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Turbulence in the Solar Wind (Paperback) (Roberto Bruno)
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This book provides an overview of solar wind turbulence from both the theoretical and observational perspective. It argues that the interplanetary medium offers the best opportunity to directly study turbulent fluctuations in collisionless plasmas. In fact, during expansion, the solar wind evolves towards a state characterized by large-amplitude fluctuations in all observed parameters, which resembles, at least at large scales, the well-known hydrodynamic turbulence.
This text starts with historical references to past observations and experiments on turbulent flows. It then introduces the Navier-Stokes equations for a magnetized plasma whose low-frequency turbulence evolution is described within the framework of the MHD approximation. It also considers the scaling of plasma and magnetic field fluctuations and the study of nonlinear energy cascades within the same framework. It reports observations of turbulence in the ecliptic and at high latitude, treating Alfvénic and compressive fluctuations separately in order to explain the transport of mass, momentum and energy during the expansion. Further, existing models are compared with direct observations in the heliosphere.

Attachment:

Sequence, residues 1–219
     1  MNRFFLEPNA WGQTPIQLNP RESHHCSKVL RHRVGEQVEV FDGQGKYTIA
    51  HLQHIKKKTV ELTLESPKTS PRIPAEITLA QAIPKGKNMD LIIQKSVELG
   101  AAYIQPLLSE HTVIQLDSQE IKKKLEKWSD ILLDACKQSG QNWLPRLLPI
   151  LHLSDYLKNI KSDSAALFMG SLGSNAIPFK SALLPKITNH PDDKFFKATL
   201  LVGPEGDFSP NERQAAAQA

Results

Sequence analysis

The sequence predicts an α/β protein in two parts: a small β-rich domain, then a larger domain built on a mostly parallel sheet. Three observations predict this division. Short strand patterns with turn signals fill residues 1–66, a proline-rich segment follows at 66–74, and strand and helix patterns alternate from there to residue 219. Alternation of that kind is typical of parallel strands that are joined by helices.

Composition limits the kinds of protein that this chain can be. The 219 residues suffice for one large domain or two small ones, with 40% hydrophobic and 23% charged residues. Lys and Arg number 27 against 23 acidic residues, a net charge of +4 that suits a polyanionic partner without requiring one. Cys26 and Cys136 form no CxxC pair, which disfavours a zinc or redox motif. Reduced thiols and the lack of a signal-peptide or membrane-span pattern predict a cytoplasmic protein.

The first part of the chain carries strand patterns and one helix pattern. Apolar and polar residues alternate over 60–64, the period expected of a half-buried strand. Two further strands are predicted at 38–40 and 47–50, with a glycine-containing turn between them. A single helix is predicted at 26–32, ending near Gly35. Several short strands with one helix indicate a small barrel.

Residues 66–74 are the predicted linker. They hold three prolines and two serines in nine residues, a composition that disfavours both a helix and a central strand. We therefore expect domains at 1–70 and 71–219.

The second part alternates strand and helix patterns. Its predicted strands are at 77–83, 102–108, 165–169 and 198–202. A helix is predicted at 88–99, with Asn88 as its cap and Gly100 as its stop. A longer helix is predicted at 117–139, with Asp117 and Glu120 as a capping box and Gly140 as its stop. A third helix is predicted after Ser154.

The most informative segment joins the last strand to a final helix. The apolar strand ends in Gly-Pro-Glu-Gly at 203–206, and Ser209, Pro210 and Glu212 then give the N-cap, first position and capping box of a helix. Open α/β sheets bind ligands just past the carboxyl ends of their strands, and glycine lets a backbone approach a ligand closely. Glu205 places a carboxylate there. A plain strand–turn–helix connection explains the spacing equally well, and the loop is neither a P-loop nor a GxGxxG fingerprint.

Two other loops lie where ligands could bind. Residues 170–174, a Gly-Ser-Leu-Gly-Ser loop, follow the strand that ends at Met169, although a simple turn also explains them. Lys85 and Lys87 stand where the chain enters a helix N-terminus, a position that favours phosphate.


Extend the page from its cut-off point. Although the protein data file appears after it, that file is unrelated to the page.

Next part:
The problem of self-similar and anomalous fluctuations in the solar wind is then addressed using tools provided by dynamical system theory and discussed on the basis of available models and observations. The book highlights observations of Yaglom’s law in solar wind turbulence, which is one of the most important findings in fully developed turbulence and directly related to the long-lasting and still unsolved problem of solar wind plasma heating.
Lastly, it includes a short chapter dedicated to the kinetic range of fluctuations, which has recently been receiving more attention from the space plasma community, since this is inherently related to turbulent energy dissipation and consequent plasma heating. It particularly focuses on the nature and role of the fluctuations populating this frequency range, and discusses several model predictions and recent observational findings in this context.